• Sport opens communication between cultures

    Ali Abbas     |      August 16, 2012

    Sydney FC is one of the most successful teams in Australia and home to some high-profile players and supporters. The A-League club’s new recruit, Iraqi midfielder Ali Abbas says his football journey has been full of surprises.

  • Uncategorised

    Plain packaging laws upheld

    editor     |      August 15, 2012

    The High Court has confirmed the Australian Government’s legal right to proceed with the mandatory plain packaging of tobacco.

    Tobaco company claims that the legislation is unconstitutional were rejected by the High Court. From December all tobacco products sold in Australia must be in standardised green-brown packs, which will include larger graphic health warnings on the front.

    Attorney-General Nicola Roxon said the federal government’s High Court victory on plain packaging is a watershed moment for tobacco control globally.

    Tobacco companies argue the move will lead to higher rates of smoking and they’re vowing to continue their fight against the laws.

  • Sudden death in young athletes a heart stopping event

    Noby Leong     |      August 15, 2012

    We have all heard of seemingly fit and healthy athletes who have suddenly dropped dead. It’s tempting to think drugs or foul play were involved but Noby Leong says there is a genetic cause that can lead to sudden cardiac arrest.

  • London calling: Australia and the 2012 Olympic Games

    Daryl Adair     |      August 14, 2012

    Did our Olympians let us down in London, as the media seems to be suggesting? Or are we proud of their sporting spirit and whole-hearted participation? Daryl Adair says we need to reflect sensibly on what is realistic and stop obsessing about gold.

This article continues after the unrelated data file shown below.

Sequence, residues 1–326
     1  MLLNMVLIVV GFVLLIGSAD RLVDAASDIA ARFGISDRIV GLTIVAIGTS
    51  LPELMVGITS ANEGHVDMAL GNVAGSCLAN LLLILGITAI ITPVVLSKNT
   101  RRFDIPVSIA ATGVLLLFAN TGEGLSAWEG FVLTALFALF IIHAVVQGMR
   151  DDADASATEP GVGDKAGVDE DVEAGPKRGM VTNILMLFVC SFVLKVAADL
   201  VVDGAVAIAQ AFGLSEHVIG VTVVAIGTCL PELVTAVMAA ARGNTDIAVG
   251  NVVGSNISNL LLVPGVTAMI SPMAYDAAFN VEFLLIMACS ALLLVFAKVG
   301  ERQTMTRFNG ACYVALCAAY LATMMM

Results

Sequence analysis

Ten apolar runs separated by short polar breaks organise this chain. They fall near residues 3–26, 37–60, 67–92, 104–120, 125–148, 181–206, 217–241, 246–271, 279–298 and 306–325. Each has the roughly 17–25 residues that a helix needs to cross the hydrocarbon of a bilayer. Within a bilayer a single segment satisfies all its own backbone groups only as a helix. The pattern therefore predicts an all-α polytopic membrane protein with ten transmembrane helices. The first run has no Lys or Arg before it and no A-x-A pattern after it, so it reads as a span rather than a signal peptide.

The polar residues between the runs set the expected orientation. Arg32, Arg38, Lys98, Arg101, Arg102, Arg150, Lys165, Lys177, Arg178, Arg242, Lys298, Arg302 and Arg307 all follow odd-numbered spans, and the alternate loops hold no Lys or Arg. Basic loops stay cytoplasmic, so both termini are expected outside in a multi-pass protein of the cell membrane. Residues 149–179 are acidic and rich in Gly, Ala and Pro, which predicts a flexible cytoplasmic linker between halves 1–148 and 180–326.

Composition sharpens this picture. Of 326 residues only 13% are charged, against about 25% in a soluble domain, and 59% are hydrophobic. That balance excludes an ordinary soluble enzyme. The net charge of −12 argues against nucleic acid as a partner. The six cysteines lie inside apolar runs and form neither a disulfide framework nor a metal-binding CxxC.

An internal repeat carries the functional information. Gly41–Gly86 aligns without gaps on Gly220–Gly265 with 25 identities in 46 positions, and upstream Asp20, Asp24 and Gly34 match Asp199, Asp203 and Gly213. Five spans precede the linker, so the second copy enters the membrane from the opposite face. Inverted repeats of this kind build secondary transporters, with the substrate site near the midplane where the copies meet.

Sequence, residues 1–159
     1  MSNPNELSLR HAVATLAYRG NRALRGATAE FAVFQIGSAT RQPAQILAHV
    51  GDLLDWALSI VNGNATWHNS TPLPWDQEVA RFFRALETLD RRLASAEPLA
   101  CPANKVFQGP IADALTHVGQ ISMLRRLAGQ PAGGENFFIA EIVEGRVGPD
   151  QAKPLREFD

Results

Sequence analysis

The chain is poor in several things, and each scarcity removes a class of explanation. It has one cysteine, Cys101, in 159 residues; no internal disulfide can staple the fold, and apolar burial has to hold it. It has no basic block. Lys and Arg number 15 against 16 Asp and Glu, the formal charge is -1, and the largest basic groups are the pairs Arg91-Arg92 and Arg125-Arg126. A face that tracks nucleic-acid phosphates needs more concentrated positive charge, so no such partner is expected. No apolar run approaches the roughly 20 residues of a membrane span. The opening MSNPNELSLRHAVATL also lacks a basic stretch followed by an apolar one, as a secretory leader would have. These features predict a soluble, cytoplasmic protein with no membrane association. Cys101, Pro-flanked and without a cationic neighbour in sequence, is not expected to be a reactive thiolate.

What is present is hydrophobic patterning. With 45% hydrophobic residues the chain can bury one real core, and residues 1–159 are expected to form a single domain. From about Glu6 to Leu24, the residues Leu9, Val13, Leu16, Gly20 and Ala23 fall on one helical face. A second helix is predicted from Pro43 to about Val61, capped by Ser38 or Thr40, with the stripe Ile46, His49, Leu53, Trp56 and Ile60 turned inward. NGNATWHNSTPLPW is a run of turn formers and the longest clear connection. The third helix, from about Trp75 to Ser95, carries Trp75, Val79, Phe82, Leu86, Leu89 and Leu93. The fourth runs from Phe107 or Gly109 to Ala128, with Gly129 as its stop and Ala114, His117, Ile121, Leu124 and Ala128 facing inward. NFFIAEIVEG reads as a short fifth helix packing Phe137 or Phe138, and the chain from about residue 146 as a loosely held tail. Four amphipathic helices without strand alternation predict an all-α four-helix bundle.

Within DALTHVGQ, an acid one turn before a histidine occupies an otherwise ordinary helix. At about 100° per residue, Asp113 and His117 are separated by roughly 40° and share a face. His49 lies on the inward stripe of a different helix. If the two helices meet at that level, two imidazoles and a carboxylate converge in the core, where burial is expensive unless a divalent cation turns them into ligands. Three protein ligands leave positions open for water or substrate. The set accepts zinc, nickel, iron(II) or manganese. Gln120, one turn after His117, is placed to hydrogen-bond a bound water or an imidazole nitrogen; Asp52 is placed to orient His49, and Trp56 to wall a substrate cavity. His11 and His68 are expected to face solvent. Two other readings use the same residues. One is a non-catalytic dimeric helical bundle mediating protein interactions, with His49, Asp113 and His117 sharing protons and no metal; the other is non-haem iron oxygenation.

• Uncategorised

    Asylum seeker policy released

    editor     |      August 13, 2012

    Asylum seekers (Getty Images)The Expert Panel on Asylum Seekers, led by Air Chief Marshal Angus Houston, has released its findings on asylum seeker policy.

    The report recommends offshore processing in both Malaysia and Nauru and the re-opening of the detention centre on Papua New Guinea’s Manus Island. They are among 22 key recommendations delivered to the Federal Government on the policy options available to prevent asylum seekers risking their lives on dangerous boat journeys to Australia.

    Mr Houston said the Panel had proposed a way forward that it believed would address the challenges that Australia faced over the short, medium and longer term.

  • The state should lead by example with the death penalty

    Anna Martin     |      August 12, 2012

    The death penalty is a divisive issue around with world, with some countries viewing it as necessary justice while others see it as the ultimate denial of human rights. Anna Martin says humane societies must find a better way to deal with crime.

  • Why not Dr Chef?

    Helen Gardiner     |      August 10, 2012

    The chemistry of cooking is one form of science that is dear to us all – if you get it wrong dinner is ruined, but if the formula is right dinner is a triumph. Helen Gardiner says cooking is really just inspired scientific experimentation.